Madon­na in a Fur Coat

Saba­hat­tin Ali; Mau­reen Freely & Alexan­der Dawe, trans.
  • Review
By – March 14, 2018

It’s rare for a clas­sic nov­el to be dis­cov­ered more than sev­en decades after its pub­li­ca­tion, but such is the case with Madon­na in a Fur Coat, writ­ten by Saba­hat­tin Ali in 1943 and first trans­lat­ed from Turk­ish into Eng­lish in the Unit­ed King­dom in 2016. Since then, this explo­ration of life’s mean­ing (or lack of mean­ing) has daz­zled West­ern read­ers while reawak­en­ing the inter­est of its native audi­ence. The nov­el is now avail­able in the Unit­ed States from Oth­er Press.

What makes Madon­na aston­ish­ing is the deft­ness with which Ali com­bines exis­ten­tial themes of alien­ation and futil­i­ty with ele­ments of goth­ic romance, inter­spersed with obser­va­tions that are still inci­sive today. Any­one famil­iar with the #MeToo phe­nom­e­non will find this out­burst by the Madon­na of the title rel­e­vant: Do you know why I hate you? You and every oth­er man in the world? Because you ask so much of us, as if it were your nat­ur­al right … It’s how men look at us and smile at us. It’s how they raise their hands. To put it sim­ply, it’s how they treat us … They are the hunters, you see, and we are their mis­er­able prey.”

At the begin­ning of the nov­el, an unnamed nar­ra­tor is giv­en a jour­nal by his cowork­er Raif Efen­di, who lived in Berlin as a young man; this jour­nal ends up form­ing the bulk of the sto­ry. Gen­tle, per­pet­u­al­ly dis­il­lu­sioned Raif first glimpses the Madon­na” after find­ing him­self trans­fixed at the sight of a self-por­trait in an exhi­bi­tion of local artists. Even­tu­al­ly he meets the painter, Maria Prud­er, an equal­ly tor­tured young soul. They begin a fraught rela­tion­ship in which Maria lays out bound­aries and Raif respects them. Human emo­tions woven into a com­pelling nar­ra­tive are fas­ci­nat­ing what­ev­er the peri­od, and they run high in Madonna. The pair is drawn togeth­er by their mutu­al feel­ing of being alone in all of the world.”

Raif is sick with love for Maria. She is sick of the world, and becomes phys­i­cal­ly ill with pleurisy after she dis­miss­es Raif from her life. Even­tu­al­ly com­pelled to find her again, Raif dis­cov­ers that she has been hos­pi­tal­ized. He takes care of Maria devot­ed­ly, brings her home, and then stays put with­out objec­tion. In fact, Maria now exclaims, I shall nev­er let you out of my life…never!” No won­der Raif is a bit crazy, prone to sen­ti­ments such as, And I was but the wheel that had spun off its axle, still search­ing for rea­sons as I wob­bled off into the void.” Maria, it seems, is the per­fect exis­ten­tial­ist part­ner for Raif.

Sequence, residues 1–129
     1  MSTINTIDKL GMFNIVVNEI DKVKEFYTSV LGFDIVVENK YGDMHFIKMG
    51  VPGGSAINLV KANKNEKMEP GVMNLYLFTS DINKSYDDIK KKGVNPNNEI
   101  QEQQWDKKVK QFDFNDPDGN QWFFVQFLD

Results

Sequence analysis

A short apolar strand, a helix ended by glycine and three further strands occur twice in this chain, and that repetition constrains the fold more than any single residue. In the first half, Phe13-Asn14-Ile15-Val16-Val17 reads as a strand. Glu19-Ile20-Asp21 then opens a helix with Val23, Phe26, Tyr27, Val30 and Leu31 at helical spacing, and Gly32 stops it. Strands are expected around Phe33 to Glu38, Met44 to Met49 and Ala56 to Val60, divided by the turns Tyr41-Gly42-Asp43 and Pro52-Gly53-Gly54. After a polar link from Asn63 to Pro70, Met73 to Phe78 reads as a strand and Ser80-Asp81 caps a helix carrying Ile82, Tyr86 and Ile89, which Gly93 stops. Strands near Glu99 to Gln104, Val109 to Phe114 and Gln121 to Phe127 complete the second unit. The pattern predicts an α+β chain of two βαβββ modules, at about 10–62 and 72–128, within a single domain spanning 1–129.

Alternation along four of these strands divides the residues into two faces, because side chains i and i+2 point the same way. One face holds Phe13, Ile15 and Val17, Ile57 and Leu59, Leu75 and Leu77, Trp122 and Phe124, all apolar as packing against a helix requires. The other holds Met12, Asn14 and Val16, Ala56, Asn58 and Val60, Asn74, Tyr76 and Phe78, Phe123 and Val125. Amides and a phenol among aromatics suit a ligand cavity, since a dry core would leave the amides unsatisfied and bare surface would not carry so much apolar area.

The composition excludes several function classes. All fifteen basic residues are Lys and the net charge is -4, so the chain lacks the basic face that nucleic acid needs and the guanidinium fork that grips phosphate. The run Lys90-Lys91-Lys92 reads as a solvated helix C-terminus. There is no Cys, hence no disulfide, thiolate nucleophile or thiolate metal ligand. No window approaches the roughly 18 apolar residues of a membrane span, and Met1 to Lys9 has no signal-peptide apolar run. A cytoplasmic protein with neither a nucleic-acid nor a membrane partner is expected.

Ali’s nov­el con­tains insights about gen­der unusu­al for the time, if not con­tem­po­rary by today’s stan­dards. Both Maria and Raif iden­ti­fy and accept their own non-tra­di­tion­al gen­der char­ac­ter­is­tics. Raif recalls how, as a sen­si­tive young boy, he was dis­par­aged by his father, who repeat­ed­ly declared that his son should have been born a girl.” Mean­while, Maria con­fides, I am always com­plete­ly open… like a man…I’m like a man in many oth­er ways, too… And you’re a bit like a woman!”

The uneasy peri­od in which Madon­na is set is felt through­out the nov­el; the char­ac­ters are adrift in inter­war Ger­many, a coun­try reel­ing after its defeat in World War I. Raif has been sent to safe” Berlin to avoid the chaos of Turk­ish recon­struc­tion. He lives in an apart­ment where anoth­er board­er brings unem­ployed Ger­man offi­cers for end­less talks. Raif observes, From what I could piece togeth­er, they were of the view that Ger­many would be saved only if anoth­er man with Bismark’s iron will came to pow­er to rebuild the army and avenge the injus­tices of the past with anoth­er world war.” Recall when this nov­el was first pub­lished; per­haps the per­va­sive sense of hope­less­ness hang­ing over Raif and half-Jew­ish Maria (as well as the unnamed nar­ra­tor) comes as much from the polit­i­cal atmos­phere as from an inborn sense of futility.

The epis­to­lary device of a mys­tery-solv­ing jour­nal is deployed in Madon­na to good effect. Divid­ing the jour­nal into dat­ed entries would have been an easy way for Ali to afford read­ers a bit of breath­ing room, since it occu­pies rough­ly three-quar­ters of the nov­el, but this quib­ble is minor. If the melo­dra­ma in Madon­na is some­times inad­ver­tent­ly humor­ous, the sto­ry of the com­ing togeth­er and tear­ing apart of the ill-fat­ed friends and even­tu­al lovers is poignant. The trag­ic over­tones are even more acute viewed against the back­drop of the author’s death in 1948 — Saba­hat­tin Ali was killed on the Bul­gar­i­an bor­der as he fled Turkey.

Madon­na in a Fur Coat describes the roman­tic dis­cov­ery of com­pat­i­ble souls while vivid­ly por­tray­ing post-war Ger­many and, to a less­er degree, Turkey. For­tu­nate­ly for us Eng­lish-lan­guage read­ers, the trans­la­tors, Mau­reen Freely and Alexan­der Dawe, have obvi­ous­ly retained the beau­ty of the orig­i­nal lan­guage in this fas­ci­nat­ing nov­el that lan­guish­es no more.

Amy Spun­gen, a free­lance edi­tor and writer, has a BS in jour­nal­ism from Vir­ginia Com­mon­wealth Uni­ver­si­ty and an MA in Eng­lish from North­west­ern Uni­ver­si­ty. She lives near Chica­go in High­land Park, Illinois.

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